If You Want Versatility, Go Vertical!

If You Want Versatility, Go Vertical!
By Bill Johnson

Options are powerful, flexible tools for all traders and investors, as they allow risk profiles that cannot be obtained using shares of stock alone. One of the most versatile options strategies is a vertical spread. With this strategy, traders can take a bullish or bearish outlook, but with limited risk.

In the option’s world, any type of “spread” strategy means you’re simultaneously buying and selling options. You’ll be long and short options at the same time.

With a vertical spread, you’ll buy and sell different strikes but with the same expiration. For instance, you could buy a May $50 call and simultaneously sell a May $55 call, which is called the 50/55 vertical spread. It’s called a vertical spread because, if you look at an option’s quote board, the expiration dates run horizontally across the top while the strikes run vertically along the side. With this strategy, you’re “spreading” the strikes vertically.

If you buy the 50/55 vertical, you have the right to buy shares at $50 but the obligation to sell them at $55, which represents a $5 maximum gain. Because lower strike calls must be worth more money than higher strikes, this trade would result in a debit. If you paid $3 for the spread, your maximum profit is the $2 difference. The following chart shows your resulting profit and loss diagram:

Interestingly, you can create the identical profile by using puts. If, instead, you bought the May $50 put and sold the May $55 put, you’ll still have a bullish spread. An easy way to remember is “buy low, sell high” or BLSH, which resembles the word bullish. Any time you buy a low strike option and sell a higher-strike option, whether using calls or puts, you’ll have a bull vertical spread. When using puts, however, the trade results in a credit.

If the 50/55 bull spread costs $3, the 50/55 put spread is theoretically worth $2. In other words, you could sell the spread for $2, which is the maximum gain, and would have a $3 maximum loss. You’ll get exactly the same profit and loss diagram as when using calls. Professional traders will always check the pricing relationships for small discrepancies that may arise. For example, if the 50/55 call spread costs $3, the 50/55 put spread is theoretically worth a $2 credit. However, if the put spread is selling for $2.20, you’re better off selling the put spread. You’ll end up with the same profile, just with a greater maximum gain – and a smaller maximum loss. It pays to understand these differences!

Vertical Bear Spreads

You can also create bearish positions by purchasing puts. Any time you buy a high strike option and sell a lower strike option, whether using calls or puts, you’ll get a bear spread. For instance, you could buy the $55 put and sell the $50 put. Because higher-strike puts must cost more money than lower-strike puts, this trade results in a debit. If you paid $3, the maximum gain is $2, and you’ll get the resulting profit and loss diagram. Of course, you could buy the $55 call and sell the $50 call, which would also result in the same bearish profit and loss diagram:

Why Use Spreads?

While there are many reasons for using vertical spreads, probably the main use is to reduce the cost of the long option. If the $50 call costs $10, for example, perhaps you can sell the $55 call for $7, which reduces your net cost to $3. The tradeoff is that you give up the unlimited upside potential you’d have with buying the $50 call by itself. The benefit is that your maximum loss is reduced from $10 to $3.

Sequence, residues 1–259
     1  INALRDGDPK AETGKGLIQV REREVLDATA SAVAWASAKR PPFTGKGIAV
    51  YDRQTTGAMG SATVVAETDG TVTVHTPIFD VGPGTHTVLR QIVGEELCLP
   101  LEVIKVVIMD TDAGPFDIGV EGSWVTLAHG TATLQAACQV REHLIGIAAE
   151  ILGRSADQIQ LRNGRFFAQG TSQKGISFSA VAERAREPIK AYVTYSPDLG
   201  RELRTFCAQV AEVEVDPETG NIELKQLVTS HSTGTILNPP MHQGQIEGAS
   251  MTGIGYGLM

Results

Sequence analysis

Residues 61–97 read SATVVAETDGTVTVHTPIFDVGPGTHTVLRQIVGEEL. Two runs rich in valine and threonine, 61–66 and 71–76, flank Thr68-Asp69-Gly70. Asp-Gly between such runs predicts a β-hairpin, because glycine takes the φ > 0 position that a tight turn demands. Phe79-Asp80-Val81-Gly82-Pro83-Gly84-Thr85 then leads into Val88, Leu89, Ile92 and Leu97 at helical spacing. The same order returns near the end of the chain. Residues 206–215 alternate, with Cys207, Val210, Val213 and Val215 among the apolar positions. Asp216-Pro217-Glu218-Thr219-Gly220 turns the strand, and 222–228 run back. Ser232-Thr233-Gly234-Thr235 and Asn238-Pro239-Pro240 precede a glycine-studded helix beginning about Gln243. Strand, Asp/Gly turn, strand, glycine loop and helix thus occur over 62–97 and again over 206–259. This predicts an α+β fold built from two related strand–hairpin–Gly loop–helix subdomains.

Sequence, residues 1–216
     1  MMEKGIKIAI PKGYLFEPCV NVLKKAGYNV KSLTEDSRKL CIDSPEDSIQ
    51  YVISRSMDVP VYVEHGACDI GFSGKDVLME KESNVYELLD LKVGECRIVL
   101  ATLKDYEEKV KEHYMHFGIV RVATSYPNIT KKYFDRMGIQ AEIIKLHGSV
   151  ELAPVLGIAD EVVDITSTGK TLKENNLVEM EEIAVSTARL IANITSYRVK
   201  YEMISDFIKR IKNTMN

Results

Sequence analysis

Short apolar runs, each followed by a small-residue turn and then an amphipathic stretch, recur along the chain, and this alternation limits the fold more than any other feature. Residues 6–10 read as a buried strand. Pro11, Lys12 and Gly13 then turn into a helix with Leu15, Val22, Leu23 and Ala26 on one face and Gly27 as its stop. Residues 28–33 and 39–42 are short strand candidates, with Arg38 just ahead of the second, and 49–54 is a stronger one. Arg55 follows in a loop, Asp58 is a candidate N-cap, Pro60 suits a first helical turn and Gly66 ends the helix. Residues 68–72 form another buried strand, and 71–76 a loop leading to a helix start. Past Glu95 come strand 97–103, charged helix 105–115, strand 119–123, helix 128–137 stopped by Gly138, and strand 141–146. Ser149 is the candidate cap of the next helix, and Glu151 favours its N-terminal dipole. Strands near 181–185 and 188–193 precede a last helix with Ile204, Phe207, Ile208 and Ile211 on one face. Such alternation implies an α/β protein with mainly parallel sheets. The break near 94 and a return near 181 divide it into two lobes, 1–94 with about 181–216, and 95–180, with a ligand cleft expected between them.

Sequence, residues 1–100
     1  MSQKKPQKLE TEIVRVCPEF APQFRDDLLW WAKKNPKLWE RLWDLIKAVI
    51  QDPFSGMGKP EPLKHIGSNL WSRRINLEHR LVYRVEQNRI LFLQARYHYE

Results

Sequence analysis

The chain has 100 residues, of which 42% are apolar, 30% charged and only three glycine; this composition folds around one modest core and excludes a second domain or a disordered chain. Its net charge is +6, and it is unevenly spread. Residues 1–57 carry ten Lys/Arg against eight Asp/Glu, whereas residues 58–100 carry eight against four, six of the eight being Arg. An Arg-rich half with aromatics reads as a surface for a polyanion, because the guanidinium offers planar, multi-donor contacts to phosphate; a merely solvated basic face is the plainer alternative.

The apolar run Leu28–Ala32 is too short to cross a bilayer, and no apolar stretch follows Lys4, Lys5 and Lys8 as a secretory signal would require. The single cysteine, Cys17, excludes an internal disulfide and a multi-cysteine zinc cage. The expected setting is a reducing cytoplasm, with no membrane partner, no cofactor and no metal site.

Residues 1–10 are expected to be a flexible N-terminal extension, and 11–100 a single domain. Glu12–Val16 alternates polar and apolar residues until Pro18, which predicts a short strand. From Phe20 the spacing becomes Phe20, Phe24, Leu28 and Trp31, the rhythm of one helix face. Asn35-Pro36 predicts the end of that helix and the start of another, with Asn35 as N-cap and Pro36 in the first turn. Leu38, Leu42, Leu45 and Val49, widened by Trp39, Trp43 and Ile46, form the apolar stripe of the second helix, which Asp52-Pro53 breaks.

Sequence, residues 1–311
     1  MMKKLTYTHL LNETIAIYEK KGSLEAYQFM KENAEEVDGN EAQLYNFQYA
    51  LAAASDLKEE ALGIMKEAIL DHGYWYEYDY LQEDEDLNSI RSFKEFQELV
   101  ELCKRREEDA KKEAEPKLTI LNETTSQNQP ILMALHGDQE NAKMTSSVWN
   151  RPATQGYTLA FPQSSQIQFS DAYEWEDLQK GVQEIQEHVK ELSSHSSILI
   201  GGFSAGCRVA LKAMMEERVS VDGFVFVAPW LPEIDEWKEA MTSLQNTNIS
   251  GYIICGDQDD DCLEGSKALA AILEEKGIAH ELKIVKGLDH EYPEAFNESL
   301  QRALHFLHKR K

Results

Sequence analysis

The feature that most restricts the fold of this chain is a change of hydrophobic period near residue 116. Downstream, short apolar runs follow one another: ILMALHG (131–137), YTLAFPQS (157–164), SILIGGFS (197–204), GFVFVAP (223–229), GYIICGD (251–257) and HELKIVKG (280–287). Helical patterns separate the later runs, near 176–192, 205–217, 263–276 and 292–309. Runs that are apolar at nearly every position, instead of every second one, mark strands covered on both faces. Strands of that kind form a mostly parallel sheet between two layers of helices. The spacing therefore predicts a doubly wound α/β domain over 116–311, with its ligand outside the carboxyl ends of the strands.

Vertical spreads create great risk-reward profiles. In this example, you can earn 66% on your money, but greatly limit the amount you can lose. However, vertical spreads are flexible. If you have the 50/55 vertical call spread and the stock begins to break out, you can buy back the $55 call to close and keep the $50 call free and clear to capture unlimited gains.

Changing Directions

What if you’re in a bull spread, but the stock’s heading down? Verticals are versatile, and you can easily change directions. If you have the 50/55 vertical call spread, you can buy the short call’s corresponding put (the put with the same strike). The long $55 put combined with the short $55 call creates what’s called a synthetic short stock position. Those two options behave exactly like short stock. However, when it’s combined with the long $50 call, the net result is a long $50 put. This is a good example of what professional traders call a “morph,” which is a single trade that allows us the change the profit and loss profile.

Vertical spreads allow traders to buy options that otherwise may have been too expensive. As you get more experienced, you can even use vertical spreads to trade volatility or even volatility skews. Depending on how the spread is constructed, you can make the position bullish, bearish, or even neutral. You can make them premium outlay – or premium collection. The possibilities are endless with options, but the versatility of verticals is hard to match.

Good Investing!

Bill Johnson, Steve Bigalow
and The Candlestick Forum Team

P.S. Bill Johnson’s Alpha Trader Options Course takes you from the very beginning, step-by-step, through an exciting journey into the world of options. At the end, you’ll have the necessary knowledge and confidence to start investing and hedging with options. In addition, you’ll have a rock-solid foundation from which to continue your options education.

Click here for more information about Bill’s Alpha Trader Options course, now with mult-pay options!

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